If we have learned one thing from Glenn Beck, its that republicans and prophets are a frightening political concoction!


Friday, August 12, 2011

Is That Really What The Constitution Says?

Rick Perry Says Social Security And Medicare Are Unconstitutional.

Texas Gov. Rick Perry

Texas Gov. Rick Perry (R) has, to say the least, a very odd understanding of the Constitution. He thinks Texas should be able to opt out of Social Security, and he believes that everything from federal public school programs to clean air laws are unconstitutional. Yet in an interview with the Daily Beast’s Andrew Romano, Perry makes his most outlandish claim to date — Social Security and Medicare are unconstitutional:
The Constitution says that “the Congress shall have Power To lay and collect Taxes… to provide for the… general Welfare of the United States.” But I noticed that when you quoted this section on page 116, you left “general welfare” out and put an ellipsis in its place. Progressives would say that “general welfare” includes things like Social Security or Medicare—that it gives the government the flexibility to tackle more than just the basic responsibilities laid out explicitly in our founding document. What does “general welfare” mean to you?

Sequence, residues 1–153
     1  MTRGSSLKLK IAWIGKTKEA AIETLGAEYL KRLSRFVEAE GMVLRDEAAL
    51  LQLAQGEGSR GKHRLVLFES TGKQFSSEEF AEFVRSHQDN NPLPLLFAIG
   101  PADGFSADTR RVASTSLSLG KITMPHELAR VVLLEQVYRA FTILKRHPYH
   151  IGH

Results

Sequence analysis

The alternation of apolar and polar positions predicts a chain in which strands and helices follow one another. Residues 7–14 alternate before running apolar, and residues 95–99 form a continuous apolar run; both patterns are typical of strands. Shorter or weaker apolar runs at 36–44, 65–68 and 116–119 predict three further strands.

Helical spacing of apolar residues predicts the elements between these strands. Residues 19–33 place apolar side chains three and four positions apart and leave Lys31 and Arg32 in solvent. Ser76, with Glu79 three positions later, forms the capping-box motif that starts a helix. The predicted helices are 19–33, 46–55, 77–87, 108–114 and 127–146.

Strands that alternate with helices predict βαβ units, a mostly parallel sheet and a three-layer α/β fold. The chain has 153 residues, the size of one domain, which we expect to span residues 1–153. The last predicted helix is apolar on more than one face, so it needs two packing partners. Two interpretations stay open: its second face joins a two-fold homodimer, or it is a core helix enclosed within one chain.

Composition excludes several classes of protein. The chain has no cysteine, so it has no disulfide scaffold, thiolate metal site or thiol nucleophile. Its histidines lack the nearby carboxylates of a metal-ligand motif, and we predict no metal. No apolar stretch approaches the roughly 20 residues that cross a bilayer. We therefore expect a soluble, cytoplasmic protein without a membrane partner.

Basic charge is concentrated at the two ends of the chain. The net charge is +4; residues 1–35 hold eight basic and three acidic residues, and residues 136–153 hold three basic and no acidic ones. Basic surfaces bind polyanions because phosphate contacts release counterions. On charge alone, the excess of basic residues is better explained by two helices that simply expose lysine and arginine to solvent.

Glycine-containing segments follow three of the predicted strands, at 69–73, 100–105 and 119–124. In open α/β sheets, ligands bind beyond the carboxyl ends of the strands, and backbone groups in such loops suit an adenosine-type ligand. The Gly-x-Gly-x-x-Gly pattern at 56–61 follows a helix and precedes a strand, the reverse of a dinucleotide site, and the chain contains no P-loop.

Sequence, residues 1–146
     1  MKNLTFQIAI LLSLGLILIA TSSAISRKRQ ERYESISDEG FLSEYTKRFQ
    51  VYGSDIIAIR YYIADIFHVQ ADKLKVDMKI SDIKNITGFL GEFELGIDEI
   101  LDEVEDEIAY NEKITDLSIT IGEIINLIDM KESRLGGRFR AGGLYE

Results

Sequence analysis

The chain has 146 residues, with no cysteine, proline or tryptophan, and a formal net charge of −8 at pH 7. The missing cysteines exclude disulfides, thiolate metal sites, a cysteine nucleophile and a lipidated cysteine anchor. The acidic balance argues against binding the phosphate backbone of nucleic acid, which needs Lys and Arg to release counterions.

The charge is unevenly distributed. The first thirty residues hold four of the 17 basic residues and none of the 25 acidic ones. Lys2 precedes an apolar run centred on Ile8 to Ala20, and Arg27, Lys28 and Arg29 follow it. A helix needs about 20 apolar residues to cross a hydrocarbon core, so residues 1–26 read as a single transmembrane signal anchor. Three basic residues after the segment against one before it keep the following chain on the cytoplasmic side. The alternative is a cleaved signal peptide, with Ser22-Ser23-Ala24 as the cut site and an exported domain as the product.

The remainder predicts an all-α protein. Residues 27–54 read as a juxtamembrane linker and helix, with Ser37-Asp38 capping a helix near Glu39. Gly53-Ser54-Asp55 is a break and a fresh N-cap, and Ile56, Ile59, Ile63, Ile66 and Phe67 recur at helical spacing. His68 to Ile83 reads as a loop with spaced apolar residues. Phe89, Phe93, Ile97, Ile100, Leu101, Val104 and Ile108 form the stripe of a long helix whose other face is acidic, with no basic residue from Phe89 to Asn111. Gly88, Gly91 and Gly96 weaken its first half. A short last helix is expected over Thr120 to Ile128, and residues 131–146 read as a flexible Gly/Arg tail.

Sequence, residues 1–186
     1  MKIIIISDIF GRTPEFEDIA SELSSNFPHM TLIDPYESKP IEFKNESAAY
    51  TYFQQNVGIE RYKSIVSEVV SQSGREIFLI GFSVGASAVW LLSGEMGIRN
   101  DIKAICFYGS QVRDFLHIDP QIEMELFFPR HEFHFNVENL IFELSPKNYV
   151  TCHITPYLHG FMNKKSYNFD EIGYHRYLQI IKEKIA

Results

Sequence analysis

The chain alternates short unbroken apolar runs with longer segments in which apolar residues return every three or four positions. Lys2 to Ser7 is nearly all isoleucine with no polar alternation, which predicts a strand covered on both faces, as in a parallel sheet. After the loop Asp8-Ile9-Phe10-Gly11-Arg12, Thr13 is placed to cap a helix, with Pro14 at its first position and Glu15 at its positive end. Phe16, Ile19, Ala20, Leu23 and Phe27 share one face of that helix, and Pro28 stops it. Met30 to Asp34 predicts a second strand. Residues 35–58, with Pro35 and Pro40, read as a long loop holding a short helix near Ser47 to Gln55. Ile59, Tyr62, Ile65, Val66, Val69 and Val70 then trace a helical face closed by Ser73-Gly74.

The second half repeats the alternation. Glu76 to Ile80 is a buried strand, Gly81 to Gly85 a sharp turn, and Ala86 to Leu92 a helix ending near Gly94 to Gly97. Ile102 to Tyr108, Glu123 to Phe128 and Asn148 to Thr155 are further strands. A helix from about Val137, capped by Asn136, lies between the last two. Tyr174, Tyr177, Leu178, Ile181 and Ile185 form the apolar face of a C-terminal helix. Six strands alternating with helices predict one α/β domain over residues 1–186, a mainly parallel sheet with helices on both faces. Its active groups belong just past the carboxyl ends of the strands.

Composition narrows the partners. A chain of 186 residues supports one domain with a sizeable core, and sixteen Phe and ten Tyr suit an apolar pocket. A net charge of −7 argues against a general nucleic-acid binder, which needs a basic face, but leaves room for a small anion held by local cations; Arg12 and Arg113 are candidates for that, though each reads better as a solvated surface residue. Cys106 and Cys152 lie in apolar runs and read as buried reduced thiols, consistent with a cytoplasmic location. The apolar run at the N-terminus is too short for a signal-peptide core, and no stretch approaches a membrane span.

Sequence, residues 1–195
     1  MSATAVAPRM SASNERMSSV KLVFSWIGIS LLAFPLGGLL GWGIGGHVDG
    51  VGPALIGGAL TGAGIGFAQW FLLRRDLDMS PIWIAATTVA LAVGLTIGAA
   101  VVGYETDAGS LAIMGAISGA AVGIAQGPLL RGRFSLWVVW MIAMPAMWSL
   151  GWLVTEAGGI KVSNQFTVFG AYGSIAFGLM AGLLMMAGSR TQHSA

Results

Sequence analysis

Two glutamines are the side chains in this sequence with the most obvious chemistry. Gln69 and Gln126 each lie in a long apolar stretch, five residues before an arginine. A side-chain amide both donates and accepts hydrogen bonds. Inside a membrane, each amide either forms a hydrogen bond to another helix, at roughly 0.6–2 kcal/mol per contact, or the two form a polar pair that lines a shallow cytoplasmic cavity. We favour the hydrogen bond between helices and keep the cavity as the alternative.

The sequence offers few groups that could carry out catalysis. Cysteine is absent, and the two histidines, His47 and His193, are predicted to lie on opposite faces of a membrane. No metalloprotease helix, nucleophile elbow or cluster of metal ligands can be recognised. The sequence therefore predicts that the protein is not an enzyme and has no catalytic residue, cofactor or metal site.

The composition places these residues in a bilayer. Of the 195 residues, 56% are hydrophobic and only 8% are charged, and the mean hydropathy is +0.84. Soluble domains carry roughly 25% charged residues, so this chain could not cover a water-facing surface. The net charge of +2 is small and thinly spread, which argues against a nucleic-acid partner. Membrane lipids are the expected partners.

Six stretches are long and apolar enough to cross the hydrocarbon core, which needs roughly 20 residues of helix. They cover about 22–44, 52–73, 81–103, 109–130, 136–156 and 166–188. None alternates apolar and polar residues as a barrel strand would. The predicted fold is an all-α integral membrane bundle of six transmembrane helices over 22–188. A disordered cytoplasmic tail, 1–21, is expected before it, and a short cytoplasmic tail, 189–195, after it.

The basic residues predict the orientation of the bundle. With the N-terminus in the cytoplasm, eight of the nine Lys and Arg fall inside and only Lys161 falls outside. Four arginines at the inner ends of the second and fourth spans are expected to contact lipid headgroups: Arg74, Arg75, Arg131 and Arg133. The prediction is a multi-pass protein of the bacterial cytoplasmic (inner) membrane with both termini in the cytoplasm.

[PERRY:] I don’t think our founding fathers when they were putting the term “general welfare” in there were thinking about a federally operated program of pensions nor a federally operated program of health care. What they clearly said was that those were issues that the states need to address. Not the federal government. I stand very clear on that. From my perspective, the states could substantially better operate those programs if that’s what those states decided to do.

So in your view those things fall outside of general welfare. But what falls inside of it? What did the Founders mean by “general welfare”?

[PERRY:] I don’t know if I’m going to sit here and parse down to what the Founding Fathers thought general welfare meant.

But you just said what you thought they didn’t mean by general welfare. So isn’t it fair to ask what they did mean? It’s in the Constitution.